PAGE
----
This is why you're amazing. Pure awesomeness. Hell of a write-up. I will now cut and paste quotes to essentially say, "I agree!"

majoraphasia wrote:
“I liked it,” says Lawrence when he confesses the murder. Ah. Weird how you can be watching a movie about an arrogant hero, expecting this movie to be History’s most ambitious puff piece, and find that the movie really is only about Lawrence: The Man Who Would Be Blurry. Lean, more often than not, films Lawrence (Peter O’Toole in his first lead role) from below, in shadow, as a shadow, behind a screen… what kind of historical reach-around does this? So I’ll admit my mistake: I thought Lawrence of Arabia was going to be an epic about a bold (and he is bold) man that valiantly goes to battle for his ideals and wins the war for all. That’s not the movie I watched, punk.


That blurry motif running throughout the film is its single best touch. I don't know if you remember, but I mentioned it when we discussed Le Samourai and compared how Melville uses the tactic a bit in his film. Lean uses it to much greater effect. It isn't exactly subtle, but it isn't forced, either. It's just there for you to pick up on. Brilliant way to characterize Lawrence and naturally bring the themes of the movie in. I've only seen the movie once, around 2 years ago, but those shots have stuck with my more than ones of the desert landscape.

majoraphasia wrote:
Screwing with the question, at least for me, is the fact that, again for me, Lawrence of Arabia was exceptionally entertaining. 227 minutes flew by twice (I was going to double-dip and upgrade my copy to Blu-Ray only to find that the movie, out of all the damn movies they’ve given the treatment, isn’t yet available on Blu-Ray) and both times I was pretty sure that I was watching a small character study rather than a glorious Technicolor epic. Well. I mean, it’s that too. But what makes it special?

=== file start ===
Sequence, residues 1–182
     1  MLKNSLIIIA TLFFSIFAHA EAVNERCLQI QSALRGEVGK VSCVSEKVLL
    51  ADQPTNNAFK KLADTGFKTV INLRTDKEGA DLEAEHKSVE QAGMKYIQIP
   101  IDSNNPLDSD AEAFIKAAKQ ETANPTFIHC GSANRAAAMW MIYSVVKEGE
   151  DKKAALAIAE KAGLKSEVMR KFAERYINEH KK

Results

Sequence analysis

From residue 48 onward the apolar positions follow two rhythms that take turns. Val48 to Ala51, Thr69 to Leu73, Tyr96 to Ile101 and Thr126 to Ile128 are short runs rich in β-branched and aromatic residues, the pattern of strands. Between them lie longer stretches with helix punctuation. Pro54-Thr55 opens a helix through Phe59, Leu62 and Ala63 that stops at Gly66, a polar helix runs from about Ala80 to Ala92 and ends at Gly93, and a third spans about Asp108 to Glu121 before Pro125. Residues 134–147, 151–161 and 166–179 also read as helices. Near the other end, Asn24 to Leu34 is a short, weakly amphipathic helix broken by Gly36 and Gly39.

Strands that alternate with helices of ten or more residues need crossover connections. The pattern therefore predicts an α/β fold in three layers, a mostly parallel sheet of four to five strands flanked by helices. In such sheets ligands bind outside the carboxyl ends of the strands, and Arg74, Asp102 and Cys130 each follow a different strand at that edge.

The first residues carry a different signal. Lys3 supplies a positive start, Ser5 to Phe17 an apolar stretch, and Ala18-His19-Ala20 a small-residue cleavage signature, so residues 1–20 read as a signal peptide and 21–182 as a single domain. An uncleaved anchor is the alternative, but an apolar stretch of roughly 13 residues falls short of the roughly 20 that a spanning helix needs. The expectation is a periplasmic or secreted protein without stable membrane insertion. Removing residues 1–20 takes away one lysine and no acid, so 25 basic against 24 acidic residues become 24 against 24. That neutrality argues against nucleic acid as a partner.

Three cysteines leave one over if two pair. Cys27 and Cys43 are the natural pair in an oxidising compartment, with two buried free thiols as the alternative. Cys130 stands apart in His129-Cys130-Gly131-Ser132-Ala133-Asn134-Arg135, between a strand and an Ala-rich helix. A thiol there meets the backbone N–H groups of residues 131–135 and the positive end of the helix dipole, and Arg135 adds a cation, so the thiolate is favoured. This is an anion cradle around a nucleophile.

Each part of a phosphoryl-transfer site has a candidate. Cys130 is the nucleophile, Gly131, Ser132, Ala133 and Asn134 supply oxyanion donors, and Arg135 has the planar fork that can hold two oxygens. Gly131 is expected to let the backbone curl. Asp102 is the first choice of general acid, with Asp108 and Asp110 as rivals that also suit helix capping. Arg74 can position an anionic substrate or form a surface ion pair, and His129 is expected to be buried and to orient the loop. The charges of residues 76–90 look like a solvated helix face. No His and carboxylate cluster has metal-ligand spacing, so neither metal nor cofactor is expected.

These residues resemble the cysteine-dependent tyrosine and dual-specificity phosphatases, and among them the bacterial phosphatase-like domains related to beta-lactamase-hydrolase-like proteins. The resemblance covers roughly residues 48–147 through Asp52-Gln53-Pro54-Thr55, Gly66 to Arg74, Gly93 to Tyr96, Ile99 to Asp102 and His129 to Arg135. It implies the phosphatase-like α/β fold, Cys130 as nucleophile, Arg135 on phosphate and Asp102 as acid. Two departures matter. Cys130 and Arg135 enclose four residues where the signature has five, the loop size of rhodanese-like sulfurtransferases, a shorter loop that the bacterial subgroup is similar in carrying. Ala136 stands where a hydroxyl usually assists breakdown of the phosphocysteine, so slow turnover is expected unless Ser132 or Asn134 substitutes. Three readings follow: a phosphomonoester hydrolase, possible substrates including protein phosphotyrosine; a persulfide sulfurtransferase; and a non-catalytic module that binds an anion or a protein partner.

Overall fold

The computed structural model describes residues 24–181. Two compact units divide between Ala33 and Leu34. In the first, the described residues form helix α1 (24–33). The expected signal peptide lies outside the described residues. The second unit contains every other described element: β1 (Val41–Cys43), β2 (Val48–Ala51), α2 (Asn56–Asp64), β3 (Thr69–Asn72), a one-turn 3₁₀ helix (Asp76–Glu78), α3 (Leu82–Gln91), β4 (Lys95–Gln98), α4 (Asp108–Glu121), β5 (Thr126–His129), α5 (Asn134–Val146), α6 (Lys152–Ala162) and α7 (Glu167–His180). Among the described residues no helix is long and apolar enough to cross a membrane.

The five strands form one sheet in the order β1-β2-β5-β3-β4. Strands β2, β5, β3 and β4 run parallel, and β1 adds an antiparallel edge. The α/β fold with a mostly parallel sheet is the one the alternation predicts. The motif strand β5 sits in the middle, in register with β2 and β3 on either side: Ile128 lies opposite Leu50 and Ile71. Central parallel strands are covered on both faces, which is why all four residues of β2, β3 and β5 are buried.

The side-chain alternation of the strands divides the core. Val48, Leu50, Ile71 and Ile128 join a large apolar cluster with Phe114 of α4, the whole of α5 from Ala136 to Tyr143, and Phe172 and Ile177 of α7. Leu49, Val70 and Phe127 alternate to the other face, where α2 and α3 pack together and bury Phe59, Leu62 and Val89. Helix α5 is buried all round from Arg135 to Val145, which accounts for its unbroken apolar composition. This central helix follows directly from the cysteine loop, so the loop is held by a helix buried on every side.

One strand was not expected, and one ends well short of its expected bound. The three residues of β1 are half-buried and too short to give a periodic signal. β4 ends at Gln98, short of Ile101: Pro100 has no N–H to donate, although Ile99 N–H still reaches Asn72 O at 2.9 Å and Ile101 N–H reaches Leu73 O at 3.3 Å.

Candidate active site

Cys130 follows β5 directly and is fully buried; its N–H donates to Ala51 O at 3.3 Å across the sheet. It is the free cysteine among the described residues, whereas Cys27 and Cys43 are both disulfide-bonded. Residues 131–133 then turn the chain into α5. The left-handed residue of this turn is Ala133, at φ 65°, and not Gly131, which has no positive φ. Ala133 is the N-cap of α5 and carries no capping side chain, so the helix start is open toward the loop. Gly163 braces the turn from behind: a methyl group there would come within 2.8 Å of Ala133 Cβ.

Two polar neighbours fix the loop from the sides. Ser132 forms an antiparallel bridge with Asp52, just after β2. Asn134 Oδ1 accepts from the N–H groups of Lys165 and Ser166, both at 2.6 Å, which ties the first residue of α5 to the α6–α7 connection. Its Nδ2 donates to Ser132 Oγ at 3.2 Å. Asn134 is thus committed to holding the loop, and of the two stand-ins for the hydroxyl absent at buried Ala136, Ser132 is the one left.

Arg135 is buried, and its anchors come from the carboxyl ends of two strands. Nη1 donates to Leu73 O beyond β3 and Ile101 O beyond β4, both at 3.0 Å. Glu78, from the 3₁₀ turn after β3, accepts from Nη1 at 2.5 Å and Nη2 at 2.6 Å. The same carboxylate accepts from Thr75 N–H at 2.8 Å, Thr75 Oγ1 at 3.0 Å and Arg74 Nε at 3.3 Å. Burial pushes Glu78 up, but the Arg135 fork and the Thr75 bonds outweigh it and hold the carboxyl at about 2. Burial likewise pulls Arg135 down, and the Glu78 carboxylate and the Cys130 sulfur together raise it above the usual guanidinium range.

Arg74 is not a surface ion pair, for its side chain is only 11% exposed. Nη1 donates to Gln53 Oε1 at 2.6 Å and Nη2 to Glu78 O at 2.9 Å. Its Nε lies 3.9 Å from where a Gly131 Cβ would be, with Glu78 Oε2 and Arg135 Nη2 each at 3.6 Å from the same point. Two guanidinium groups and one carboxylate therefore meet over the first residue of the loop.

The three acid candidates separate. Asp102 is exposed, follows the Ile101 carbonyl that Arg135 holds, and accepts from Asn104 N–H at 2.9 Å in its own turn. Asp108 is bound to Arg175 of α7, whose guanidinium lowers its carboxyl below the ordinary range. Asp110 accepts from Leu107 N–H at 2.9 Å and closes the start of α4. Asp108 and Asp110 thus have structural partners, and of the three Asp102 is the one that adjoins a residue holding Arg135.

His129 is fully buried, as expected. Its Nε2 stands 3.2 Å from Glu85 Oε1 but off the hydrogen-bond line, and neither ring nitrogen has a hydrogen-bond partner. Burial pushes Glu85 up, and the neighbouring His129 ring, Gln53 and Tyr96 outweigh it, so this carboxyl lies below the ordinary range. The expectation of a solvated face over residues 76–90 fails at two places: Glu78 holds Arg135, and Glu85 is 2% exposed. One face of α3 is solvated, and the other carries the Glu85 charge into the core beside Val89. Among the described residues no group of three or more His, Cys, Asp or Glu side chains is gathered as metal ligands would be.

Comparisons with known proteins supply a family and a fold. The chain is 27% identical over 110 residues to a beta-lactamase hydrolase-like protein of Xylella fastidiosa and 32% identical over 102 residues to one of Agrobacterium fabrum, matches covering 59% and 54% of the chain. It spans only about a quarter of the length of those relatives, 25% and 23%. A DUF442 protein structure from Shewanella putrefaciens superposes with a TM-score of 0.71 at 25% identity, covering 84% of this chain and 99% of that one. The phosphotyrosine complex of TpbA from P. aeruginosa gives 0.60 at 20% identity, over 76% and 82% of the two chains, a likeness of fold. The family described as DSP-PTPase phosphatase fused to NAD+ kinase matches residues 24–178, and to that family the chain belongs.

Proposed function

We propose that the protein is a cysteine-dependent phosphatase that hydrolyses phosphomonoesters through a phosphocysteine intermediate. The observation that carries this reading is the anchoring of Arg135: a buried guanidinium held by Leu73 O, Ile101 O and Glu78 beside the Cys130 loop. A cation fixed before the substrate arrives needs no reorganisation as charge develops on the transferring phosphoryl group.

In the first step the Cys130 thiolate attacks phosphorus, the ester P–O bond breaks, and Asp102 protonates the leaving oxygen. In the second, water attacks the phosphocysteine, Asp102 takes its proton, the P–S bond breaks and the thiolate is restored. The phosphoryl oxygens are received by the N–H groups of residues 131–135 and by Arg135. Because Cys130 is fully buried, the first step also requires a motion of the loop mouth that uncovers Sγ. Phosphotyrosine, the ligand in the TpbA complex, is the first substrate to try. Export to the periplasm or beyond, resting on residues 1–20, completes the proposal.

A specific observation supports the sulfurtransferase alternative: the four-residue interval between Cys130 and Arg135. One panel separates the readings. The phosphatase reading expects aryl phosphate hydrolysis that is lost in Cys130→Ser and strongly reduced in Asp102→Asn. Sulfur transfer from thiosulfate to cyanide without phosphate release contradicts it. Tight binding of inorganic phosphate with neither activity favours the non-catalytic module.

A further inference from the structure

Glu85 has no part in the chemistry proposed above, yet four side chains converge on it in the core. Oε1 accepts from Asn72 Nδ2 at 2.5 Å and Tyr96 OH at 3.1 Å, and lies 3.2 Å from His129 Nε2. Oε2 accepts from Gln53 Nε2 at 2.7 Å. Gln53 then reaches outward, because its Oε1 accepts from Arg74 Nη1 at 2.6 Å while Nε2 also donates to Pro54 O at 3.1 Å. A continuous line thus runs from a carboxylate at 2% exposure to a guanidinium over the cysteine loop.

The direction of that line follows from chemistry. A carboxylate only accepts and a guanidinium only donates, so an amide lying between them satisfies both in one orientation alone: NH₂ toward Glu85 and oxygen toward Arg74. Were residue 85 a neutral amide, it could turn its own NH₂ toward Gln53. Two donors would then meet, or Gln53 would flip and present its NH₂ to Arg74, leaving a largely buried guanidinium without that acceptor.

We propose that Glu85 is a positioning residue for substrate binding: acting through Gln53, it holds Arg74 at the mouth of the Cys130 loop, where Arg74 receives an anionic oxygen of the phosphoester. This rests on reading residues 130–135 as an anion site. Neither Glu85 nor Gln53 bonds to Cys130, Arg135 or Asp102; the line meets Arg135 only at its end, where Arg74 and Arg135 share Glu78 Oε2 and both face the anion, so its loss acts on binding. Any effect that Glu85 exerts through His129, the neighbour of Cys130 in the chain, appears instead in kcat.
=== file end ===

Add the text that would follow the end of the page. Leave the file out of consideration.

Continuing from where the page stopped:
So I’m really gonna go out on a limb, take a leap, say that the movie is the greatest biopic of all time. Biopic. Was it a biopic? I guess. What isn’t? No. I dunno. Not a biopic, precisely, but a mega-Shark-and-Gigantic-Octopus huge telling of what it means to be Lawrence. Not Lawrence as a hero, leader of men, fighter of Turks, arrogant jerk but Lawrence as an actual human being. Which is weird, or it was for me, because movies so rarely capture anything essentially human. Yeah yeah yeah they get some details correct, maybe the little things like a person touching the inside of someone’s wrist or looking pleased when he sees his dog walk on its hind legs, but Lawrence of Arabia gives us Lawrence as Lawrence.


For me, it's greatness lies in both of these thoughts. The film is both a small, intimate character study, but also a glorious Technicolor epic. Historical liberties taken aside, it's about a larger than life man. Showing, as you said, Lawrence as Lawrence, has got to be incredibly difficult given the scope of the movie. It's amazing, humbling, and awe-inspiring that Lean was able to accompish both of those goals, keep the movie very entertaining, and stay so focused on what he was trying to accomplish.

majoraphasia wrote:
It’s earned the right to get placed ahead of thousands of movies because it does something unique among virtually all other movies, especially in the genre of Historical Epic: it tells the story of Lawrence while going out of its way to tell anything but that story. Trains are derailed, for the love of peanuts, and yet it’s always only about Lawrence. It might not have surprised you while you watched the movie but it sure shocked the holy living fuck out of me.


Yes! Exactly! We don't know Lawrence any better than he knows himself. The movie can't tell his story because he's a nobody who ended up living an extraordinary life. That's why the reporters at his funeral can't really find out much about him. No one, including himself, really knows who he is. The film is his search for an identity, told on the grandest of scales.

majoraphasia wrote: